Is that Uluru? No. It is Mount Connor which was created at the same time as Uluru and Kata Tjuta (the Olgas) and these three land marks almost line up in a straight line.
This was a spectacular salt lake opposite the Mount Connor Lookout. It looked big but is nowhere near as big as Lake Eyre or Lake Amadeus which is just north of this lake.
Finally, Uluru in the distance - our first sight of it.
The day we arrived at Yulara it was very overcast and threatening rain and the cloud made it a little cooler so we decided to do the base walk - some 10.5 kilometres around Ulura. It was a pleasant walk but the cloud cleared and it was very hot. Phil made the walk but felt the after effects the next day.
The cloud did come back later and there were storms around but we didn't see it rain on the rock. It was also very windy all day.
Sunset on a cloudy afternoon.
Of course I had to have my photo taken in front of the rock even though I was rather wind blown - at least it kept the flies at bay for awhile.
Sun setting over Kata Tjuta.
The next morning we got up early and went out to Kata Tjuta to do the walks before it got too hot.
I was not impressed with how they have the area set out. Yulara where the hotels, caravan park and some shops are, is approximately 20 kilometres by road from Ulura and 50 kilometres, by road, from Kata Tjuta. If the roads went directly to Ulura and Kata Tjuta instead of winding all over the countryside the distance would be half. To see the sunset or sunrise at either place you needed to add at least a half hour to get there on time.
The Walpa Gorge Walk at Kata Tjuta.
Phil and I only walked to the first lookout on the Valley of the Winds walk at Kata Tjuta as Phil's knee was feeling the after affects of the walk the day before around Ulura and the walk to the second lookout was described as 'difficult'.
Another view of Kata Tjuta.
Ulura at midday.
We had two birthdays to celebrate while we were at Ulura - Phil's on the 1st and Gwen's on the 2nd.
So of course we had to have a bottle of champagne while we watched the sun set over Uluru.
The next morning we were up early for a scenic flight over Uluru and Kata Tjuta. We were the only ones on the flight so it was good. We were in a very small plane but it was a good flight.
Yulara from the air.
Uluru from the air.
Kata Tjuta from the air.
This whole area was an inland sea many million of years ago and the white ridges you can see in this photo were once coral reefs.
It is a bit hard to see but there were quite a few people climbing Uluru. They don't encourage it any more and while we were sitting there watching for about half an hour we saw one person get into trouble and it took her friend quite some time to get her down off the rock. We spoke to a ranger while we were there and he said they are always rescuing people who either panic or become ill while climbing. I am surprised that they have not closed the climb.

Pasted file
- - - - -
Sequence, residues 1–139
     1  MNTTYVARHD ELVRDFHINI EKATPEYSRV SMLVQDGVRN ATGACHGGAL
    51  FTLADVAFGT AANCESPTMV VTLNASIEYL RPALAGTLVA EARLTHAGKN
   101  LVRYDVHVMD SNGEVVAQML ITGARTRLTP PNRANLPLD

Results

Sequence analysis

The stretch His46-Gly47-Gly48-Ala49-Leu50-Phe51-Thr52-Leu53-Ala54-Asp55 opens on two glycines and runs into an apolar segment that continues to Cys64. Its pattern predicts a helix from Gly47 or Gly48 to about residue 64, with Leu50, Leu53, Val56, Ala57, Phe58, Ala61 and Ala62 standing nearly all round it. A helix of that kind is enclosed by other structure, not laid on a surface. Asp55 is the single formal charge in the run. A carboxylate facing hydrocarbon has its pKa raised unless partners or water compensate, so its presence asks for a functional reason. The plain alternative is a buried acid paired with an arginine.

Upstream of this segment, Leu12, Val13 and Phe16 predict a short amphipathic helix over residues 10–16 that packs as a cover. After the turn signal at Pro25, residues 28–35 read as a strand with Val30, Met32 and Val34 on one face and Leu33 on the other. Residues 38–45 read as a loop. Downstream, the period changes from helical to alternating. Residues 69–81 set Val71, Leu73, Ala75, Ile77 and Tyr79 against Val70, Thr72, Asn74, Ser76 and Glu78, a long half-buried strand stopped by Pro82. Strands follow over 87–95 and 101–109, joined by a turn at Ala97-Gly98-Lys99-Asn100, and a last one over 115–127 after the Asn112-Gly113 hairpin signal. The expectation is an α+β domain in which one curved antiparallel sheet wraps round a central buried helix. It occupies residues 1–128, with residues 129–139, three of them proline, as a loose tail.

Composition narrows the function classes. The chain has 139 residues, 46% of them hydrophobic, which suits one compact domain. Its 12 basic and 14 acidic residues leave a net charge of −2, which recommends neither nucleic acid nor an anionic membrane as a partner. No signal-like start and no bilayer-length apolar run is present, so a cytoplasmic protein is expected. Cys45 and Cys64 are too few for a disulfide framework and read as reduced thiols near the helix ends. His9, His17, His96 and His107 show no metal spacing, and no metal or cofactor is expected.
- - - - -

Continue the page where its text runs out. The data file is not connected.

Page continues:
We also celebrated the birthdays by going to the 'Sounds of Silence ' dinner.
Here we are having champagne and nibbles on arrival. A bus picked us up from the caravan park and took us out to the site (and returned us home).
Watching the sun set over Kata Tjuta (again).
The dining room.
The next day we left Yulara bound for Kings Canyon - another long boring drive.
I really loved Kings Canyon - it was a really pleasant place.
On the Kings Canyon creek walk.
Looking up at the sandstone cliffs.
Along the walk were these beautifully coloured sandstone.
The next morning we were up early, again. This time to do the Kings Canyon Rim Walk which is approximately 6 kilometres long and starts off with a climb up 500 plus stone steps to the top of the Canyon. It took us approximately 4 hours to do the walk - we went pretty slowly so that Phil didn't suffer too much with his knee. He managed it quite well.
Me - about half way up the 500 plus steps - see I have been exercising. That back pack I was carrying contained my extra camera and about 4.5 litres of water.
We made it to the top.
We weren't alone on this walk. I couldn't believe the number of people doing it - I reckon there would have been at least 150 people.
Part of the walk - the scenery was quite spectacular.
Some of the honeycombed formations. They call part of it 'the lost city'.
Yes, that is the path between those two rocks. The path varied from steps, to flat walking, climbing, steps, bridges and of course what goes up must come down.
More scenery along the walk.
Phil waiting for me to finish taking photos - I must have ended up with over 100 photos from this walk.
There are no safety fences out here!
Some of the steps on the walk.
At the top of the gorge is a permanent waterhole. The creek walk does not go up to it but on the Rim Walk when you reach the end of the gorge there is a bridge and you look down on the waterhole. Very pretty.
Remember those sandstone cliffs a few photos back - this is looking across the canyon and down at them.
The stairs down - not quite as steep as the ones going up but still a lot of them.
While at the Kings Canyon National Park we even found that they have named some springs after me.
Of course we had to go and have a look.
The springs were very pretty but the walk into them, although only 1 kilometre, was very hot and dry. The area had been devastated by a bushfire earlier this year and they had only recently re-opened this area. There was not much vegetation.
The first (and last) pub in the Northern Territory.
It was then time to say farewell to the Northern Territory as we entered South Australia.
We are presently in Cooby Pedy. We plan to be here until Wednesday when we leave for Port Augusta. I haven't downloaded any photos from here yet so they will be in the next blog.